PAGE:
Canada is reportedly planning to cancel a plan to buy 18 Boeing (NYSE:BA) fighter jets, following through on threats to escalate a cross-border trade dispute with the U.S. aerospace giant. Boeing can survive the financial hit of one lost order, but needs to tread carefully to avoid things spiraling out of control.
The Canadian government intends to announce it will acquire a used fleet of older F-18 Hornet jets from Australia instead of buying new Super Hornet planes from Boeing, according to Reuters. The move is a response to Boeing launching a trade challenge accusing Montreal-based Bombardier (NASDAQOTH:BDRBF) of selling its CSeries passenger jet in the U.S. market at a drastically discounted price.
The U.S. Department of Commerce in September issued an initial recommendation agreeing with Boeing's claims, and proposing tariffs totaling 300% on the CSeries planes. That decision -- which would effectively bar the CSeries from the U.S. market -- was met with howls not just in Canada, where federal and local governments have invested billions to keep the CSeries program afloat, but in the United Kingdom as well. Bombardier is one of the largest manufacturing employers in Northern Ireland.
The impact is manageable -- for now
Canada's F-18 decision is more of a symbolic blow to Boeing than a financial hit, but it will cause turbulence on both sides of the border. Boeing has marketed the Super Hornet as a lower-cost alternative to Lockheed Martin's next-generation F-35 fighter, and Canada was one of that campaign's initial success stories, with Prime Minister Justin Trudeau last November putting off plans to buy the F-35 in favor of acquiring an "interim fleet" of Super Hornets and eventually holding a new competition to select a long-term replacement.
Following that decision, the Super Hornet was viewed as one of the favorites to win the eventual competition. But if Boeing and Canada are not able to resolve their differences, the odds that the F-35 -- as well as European alternatives including the Eurofighter Typhoon -- could be selected improve.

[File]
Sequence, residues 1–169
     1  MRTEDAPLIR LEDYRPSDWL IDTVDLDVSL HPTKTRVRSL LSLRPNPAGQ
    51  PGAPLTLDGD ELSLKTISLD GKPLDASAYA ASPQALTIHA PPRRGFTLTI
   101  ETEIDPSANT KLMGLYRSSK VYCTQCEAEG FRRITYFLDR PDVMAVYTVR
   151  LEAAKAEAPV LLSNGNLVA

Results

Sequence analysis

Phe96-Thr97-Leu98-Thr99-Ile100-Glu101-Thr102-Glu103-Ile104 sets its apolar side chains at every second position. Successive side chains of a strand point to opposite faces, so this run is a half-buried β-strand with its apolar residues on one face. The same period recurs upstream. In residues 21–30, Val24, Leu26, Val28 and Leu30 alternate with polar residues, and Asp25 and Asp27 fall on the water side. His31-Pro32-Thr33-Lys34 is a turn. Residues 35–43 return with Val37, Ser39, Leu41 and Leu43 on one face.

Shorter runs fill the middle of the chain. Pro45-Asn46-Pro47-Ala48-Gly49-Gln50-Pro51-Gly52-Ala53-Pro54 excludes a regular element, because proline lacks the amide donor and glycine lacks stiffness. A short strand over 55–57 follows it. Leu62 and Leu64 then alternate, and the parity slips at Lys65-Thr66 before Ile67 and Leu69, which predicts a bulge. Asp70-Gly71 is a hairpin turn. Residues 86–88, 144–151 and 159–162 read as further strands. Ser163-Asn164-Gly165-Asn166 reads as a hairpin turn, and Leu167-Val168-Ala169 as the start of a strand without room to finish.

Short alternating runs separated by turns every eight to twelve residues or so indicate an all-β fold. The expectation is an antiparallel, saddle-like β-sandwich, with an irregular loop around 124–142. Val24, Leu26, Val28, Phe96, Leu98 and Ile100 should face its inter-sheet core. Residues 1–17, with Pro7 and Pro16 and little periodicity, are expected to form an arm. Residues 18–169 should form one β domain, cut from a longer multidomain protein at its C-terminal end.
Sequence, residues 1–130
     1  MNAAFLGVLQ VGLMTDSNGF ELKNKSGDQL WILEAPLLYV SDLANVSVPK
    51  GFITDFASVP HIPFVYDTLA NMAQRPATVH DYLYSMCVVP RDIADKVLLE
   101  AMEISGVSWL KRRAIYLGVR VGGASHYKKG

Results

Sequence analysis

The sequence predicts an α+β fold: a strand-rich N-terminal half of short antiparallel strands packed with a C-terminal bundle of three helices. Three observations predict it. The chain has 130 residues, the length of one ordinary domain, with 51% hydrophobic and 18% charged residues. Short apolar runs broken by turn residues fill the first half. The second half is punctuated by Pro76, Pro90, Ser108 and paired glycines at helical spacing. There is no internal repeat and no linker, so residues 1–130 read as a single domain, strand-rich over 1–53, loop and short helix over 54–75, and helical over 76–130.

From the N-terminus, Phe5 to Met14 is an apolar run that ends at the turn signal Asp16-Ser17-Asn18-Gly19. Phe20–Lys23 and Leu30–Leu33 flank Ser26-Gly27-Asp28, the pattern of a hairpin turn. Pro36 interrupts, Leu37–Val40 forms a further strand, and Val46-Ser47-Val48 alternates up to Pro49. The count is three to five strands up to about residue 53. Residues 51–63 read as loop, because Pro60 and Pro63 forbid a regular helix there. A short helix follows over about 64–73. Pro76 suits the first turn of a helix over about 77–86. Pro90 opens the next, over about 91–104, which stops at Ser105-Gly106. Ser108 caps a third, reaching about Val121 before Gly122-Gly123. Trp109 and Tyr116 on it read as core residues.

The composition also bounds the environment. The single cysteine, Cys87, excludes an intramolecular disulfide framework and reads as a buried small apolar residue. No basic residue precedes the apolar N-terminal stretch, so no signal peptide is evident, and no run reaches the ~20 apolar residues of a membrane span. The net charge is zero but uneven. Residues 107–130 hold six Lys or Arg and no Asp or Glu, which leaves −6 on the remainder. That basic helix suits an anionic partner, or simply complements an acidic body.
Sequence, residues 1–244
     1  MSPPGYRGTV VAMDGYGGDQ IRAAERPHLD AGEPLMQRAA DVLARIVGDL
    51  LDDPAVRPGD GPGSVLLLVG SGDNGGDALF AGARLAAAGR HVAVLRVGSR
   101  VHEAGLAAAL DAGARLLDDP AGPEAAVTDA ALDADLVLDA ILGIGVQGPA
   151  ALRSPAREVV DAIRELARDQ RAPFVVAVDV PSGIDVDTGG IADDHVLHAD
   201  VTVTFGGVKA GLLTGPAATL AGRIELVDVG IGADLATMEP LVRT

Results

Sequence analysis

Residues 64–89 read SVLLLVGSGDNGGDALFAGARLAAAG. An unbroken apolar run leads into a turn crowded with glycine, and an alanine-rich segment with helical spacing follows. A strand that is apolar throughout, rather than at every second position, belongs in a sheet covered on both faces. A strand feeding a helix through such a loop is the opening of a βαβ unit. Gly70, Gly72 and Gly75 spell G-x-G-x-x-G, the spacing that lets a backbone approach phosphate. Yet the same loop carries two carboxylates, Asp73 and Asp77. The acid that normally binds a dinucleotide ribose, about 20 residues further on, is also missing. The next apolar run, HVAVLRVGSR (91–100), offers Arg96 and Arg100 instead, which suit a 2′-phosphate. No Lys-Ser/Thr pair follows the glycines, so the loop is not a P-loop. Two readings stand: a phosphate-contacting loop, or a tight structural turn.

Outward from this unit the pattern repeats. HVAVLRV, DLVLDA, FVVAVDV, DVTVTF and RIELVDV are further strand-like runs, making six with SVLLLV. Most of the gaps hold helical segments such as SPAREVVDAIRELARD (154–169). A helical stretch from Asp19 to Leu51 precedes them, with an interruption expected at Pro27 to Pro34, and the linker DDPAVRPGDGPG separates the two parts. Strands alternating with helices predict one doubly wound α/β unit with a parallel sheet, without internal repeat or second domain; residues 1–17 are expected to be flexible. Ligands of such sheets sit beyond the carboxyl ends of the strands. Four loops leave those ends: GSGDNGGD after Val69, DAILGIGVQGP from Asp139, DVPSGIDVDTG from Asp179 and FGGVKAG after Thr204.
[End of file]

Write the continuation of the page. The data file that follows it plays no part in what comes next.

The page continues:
Even without the Canadian order, the outlook for the Super Hornet program today is much healthier than it was just 18 months ago. In early 2016 Boeing was reportedly considering self-funding F-18 production just to keep the lines running while awaiting the finalization of some key sales. But the U.S. Navy has since said it intends to buy at least 80 F-18s over the next five years at a cost of $7.1 billion to address its fighter shortfall, and is expected to retrofit jets already in its fleet to extend their lifespan.
Boeing has said it expects F-18 production to continue at least into the early 2020s.
Time for peace talks
There are reasons for both sides to mend ties. While Canadian politicians are flexing their muscle by scrapping the Boeing purchase, the long-term alternatives to the F-18 all have issues of their own. The F-35 -- as Trudeau discovered -- is more expensive, even if the price is coming down as mass production ramps up. And the Canadian military has a strong preference for using the same equipment as its U.S. counterparts, instead of European-made jets, because it simplifies operations between the two closely aligned countries.
Boeing, meanwhile, must be careful not to anger additional U.S. allies, including the United Kingdom, as it could have a long-term impact on trans-Atlantic sales. The F-18 could be a factor in future competitions planned in Finland, Spain, and Denmark, but its chances for further sales could diminish if the company's relationship with a key NATO ally sours.
At the end of the day, the Trudeau government is most interested in preserving Bombardier's Canadian jobs and the company's industrial base. Should the International Trade Commission, which is expected to issue a final ruling on the tariffs in February, significantly soften the blow and allow for the CSeries to be sold in the U.S., tensions could calm quickly. Trade officials could also determine that a deal reached between Bombardier and Airbus in October to do final assembly on the CSeries in Alabama is enough to circumvent the tariffs.
Otherwise, Boeing execs have some tricky diplomacy ahead of them if they are to mend fences and keep its defense backlog growing.